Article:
Duncan Goodhew - Olympic gold-medallist swimmer
What do you have for breakfast?
My favourite indulgence is cooked breakfast. It’s the best meal, with a swim behind you and the rest of the day in front of you. I have porridge cooked with skimmed milk and served with crushed walnuts and a dusting of demerara sugar followed by kippers – lightly grilled, served with a mustard butter and lemon. Or else smoked haddock with poached eggs.
At one time all I did was swim, eat and sleep. When I was at university in America I’d have the full breakfast — eggs then pancakes. I’d have two long sessions in the pool every day and a session in the gym. I’d be swimming anywhere from 10 to 20 kilometres a day. Then I needed fuel and I ate enormous meals. I’d finish with a late supper - a 22-inch pizza and a beer before bedtime.
Has your attitude changed?
If you want to get your best performance in anything you have to fuel yourself and you have to exercise. I’m no monk; I love food. But as you get older you have to make adjustments. For me, that means moving away from sugars towards more complex carbohydrates, so fewer desserts and more porridge.
What sort of food did you grow up with?
My family owned and ran hotels as well as nightclubs and restaurants. It was all silver service when I was growing up in the 1970s. The perfect menu featured prawn cocktail with melba toast, steak and chips and Black Forest gateau.
Where would you go for a celebration meal?
Koffmann’s at the Berkeley Hotel. My brother trained with Michel Roux at the Waterside and then fronted La Tante Claire for Pierre Koffmann.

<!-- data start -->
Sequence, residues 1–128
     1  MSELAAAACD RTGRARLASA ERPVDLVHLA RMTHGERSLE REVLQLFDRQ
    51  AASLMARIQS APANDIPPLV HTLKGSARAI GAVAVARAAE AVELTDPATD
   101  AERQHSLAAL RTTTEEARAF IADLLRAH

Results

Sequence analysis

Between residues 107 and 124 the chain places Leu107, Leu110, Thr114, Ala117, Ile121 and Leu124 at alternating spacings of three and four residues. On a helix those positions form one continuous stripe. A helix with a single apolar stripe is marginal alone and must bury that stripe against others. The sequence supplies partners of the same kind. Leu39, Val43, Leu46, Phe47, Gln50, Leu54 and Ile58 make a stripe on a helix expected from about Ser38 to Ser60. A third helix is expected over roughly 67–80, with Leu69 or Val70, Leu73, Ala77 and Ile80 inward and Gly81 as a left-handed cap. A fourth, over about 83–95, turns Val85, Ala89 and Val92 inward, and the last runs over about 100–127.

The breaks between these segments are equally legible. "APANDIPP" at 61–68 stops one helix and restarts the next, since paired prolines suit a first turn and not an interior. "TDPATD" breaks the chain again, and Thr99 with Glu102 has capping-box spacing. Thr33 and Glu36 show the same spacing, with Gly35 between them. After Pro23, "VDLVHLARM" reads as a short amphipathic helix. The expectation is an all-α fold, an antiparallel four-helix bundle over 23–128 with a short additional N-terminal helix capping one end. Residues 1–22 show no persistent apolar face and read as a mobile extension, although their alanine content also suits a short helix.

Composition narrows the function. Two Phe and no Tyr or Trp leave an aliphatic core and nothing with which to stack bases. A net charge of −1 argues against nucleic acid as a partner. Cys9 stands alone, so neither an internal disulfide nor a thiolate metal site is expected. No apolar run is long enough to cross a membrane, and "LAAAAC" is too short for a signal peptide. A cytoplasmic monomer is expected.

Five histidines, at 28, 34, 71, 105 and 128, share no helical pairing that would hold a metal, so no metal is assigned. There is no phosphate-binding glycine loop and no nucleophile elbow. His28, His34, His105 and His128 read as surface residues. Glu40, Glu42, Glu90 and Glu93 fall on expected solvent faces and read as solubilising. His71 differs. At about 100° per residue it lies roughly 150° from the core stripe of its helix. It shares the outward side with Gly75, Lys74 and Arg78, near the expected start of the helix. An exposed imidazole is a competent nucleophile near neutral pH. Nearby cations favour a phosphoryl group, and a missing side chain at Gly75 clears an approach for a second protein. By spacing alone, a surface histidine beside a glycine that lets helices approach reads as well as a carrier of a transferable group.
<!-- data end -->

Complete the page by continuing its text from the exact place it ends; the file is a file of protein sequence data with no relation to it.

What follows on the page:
Pierre has the most exquisite twist on a spaghetti bolognese — instead of spaghetti he cuts squid to look like spaghetti and his bolognese is like no other. He is the master! His signature pig’s trotter is absolutely superb. Another dish is curried mussels with mashed potato and I’ve yet to wheedle out of him the secret ingredient. There’s something in there that gives you little explosions of flavour. I just can’t work out what they are.
What have you cut out of your diet?
I love cheese, but I limit how much I eat since it’s very high in fat. Yes, I exercise but I would like to live to 100 and still be able to do up my own shoelaces. To have any chance of doing that, I have to make better decisions. One of my favourite dishes is Sussex pond pudding. It’s a whole lemon cooked in a suet pudding so it marmalades and then the pudding is thumped on the top to make a little pond that is filled with cream. You cannot imagine the combination of flavours. Just thinking about it furs up my heart. I haven’t had it for years.
What would you choose for your final meal?
I’d start with mussels and Beluga caviar. It’s a major extravagance, but if this is my last meal, I’ll allow myself. I’d move on to beef wellington, with the finest, aged beef. I love Sunday lunch but beef wellington takes Sunday lunch on to the next level. All this nostalgia makes me think I’d have a proper sherry trifle for dessert. I’m also very partial to the classic violet and rose creams.